The Band’s initial live release, 1972′s Rock of Ages, off-handedly overhauling their catalog, rather than attempting to simply replicate it — showcasing a group pushing itself musically and creatively.
Robbie Robertson, having previously collaborated with Allen Toussaint on “Life is a Carnival” from the year before, asked the New Orleans soul Svengali back in to work up horn charts for a multi-night run between December 28-31, 1971 at the Academy of Music in New York City — forming the basis for that celebrated double album. A little over four decades later, however, Robertson has returned in the hopes of reframing this fizzy exercise.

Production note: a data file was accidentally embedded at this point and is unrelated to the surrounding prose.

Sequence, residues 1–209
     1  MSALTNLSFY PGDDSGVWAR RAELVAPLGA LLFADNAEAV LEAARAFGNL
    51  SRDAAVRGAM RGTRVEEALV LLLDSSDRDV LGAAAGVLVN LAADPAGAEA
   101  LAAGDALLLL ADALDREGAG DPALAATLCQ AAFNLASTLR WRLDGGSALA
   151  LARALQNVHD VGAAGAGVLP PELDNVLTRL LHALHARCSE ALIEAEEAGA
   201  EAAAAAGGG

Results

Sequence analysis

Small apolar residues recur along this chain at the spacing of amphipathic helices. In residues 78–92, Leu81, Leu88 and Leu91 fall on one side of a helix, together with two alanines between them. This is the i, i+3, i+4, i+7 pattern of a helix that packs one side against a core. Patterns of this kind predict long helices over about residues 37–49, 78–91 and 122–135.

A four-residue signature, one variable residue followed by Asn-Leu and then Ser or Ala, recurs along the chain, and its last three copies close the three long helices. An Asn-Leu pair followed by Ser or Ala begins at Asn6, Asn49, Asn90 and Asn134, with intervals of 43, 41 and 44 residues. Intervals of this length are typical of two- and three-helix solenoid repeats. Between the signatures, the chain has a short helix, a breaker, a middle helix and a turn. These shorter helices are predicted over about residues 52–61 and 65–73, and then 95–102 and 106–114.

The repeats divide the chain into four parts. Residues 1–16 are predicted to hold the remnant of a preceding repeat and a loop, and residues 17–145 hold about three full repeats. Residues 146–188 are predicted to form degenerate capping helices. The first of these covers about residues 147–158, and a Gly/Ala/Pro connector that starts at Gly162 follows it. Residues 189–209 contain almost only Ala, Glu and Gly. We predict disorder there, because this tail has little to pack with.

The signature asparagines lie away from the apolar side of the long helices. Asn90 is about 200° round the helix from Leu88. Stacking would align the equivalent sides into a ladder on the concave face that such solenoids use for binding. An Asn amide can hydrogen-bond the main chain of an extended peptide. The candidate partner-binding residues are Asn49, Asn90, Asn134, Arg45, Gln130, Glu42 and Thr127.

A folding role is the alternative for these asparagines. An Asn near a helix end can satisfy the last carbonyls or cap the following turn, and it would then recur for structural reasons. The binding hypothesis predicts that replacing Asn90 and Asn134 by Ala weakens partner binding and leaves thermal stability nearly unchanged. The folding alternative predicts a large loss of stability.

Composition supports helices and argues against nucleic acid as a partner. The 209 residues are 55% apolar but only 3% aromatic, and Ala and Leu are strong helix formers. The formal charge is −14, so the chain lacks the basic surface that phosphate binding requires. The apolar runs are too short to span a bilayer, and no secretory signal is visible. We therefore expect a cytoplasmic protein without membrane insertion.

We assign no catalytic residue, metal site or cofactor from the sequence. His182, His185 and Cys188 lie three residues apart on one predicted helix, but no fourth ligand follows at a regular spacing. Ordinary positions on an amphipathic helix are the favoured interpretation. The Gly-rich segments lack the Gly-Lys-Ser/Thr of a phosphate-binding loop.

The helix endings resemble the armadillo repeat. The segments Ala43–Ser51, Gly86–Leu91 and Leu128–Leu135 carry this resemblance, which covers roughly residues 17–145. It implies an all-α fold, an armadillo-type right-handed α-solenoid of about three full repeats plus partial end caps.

The new Live at the Academy of Music 1971, due September 17, 2013 from Capitol Records, does just that — as the Band plays a largely improvised set, fashioned in a whole new way, relying upon nothing more than a still-startling musical chemistry. Put frankly, nobody does things like this anymore. And they’d likely fail miserably if they tried.
The 4 CD, the best of those performances, plus a complete look at the now-legendary New Year’s Eve show — most of which has gone previously unreleased. Also included are a 48-page book featuring an essay from Robertson, the original album review by Rolling Stone magazine’s Ralph J. Gleason, rare photographs and additional notes. That only bolsters this set’s sense of fresh discovery, beginning with a previously unheard version of Levon Helm’s 1970 collaboration with Robertson, “Strawberry Wine.”
mp3 192 kbps | 360 MB | UL | TB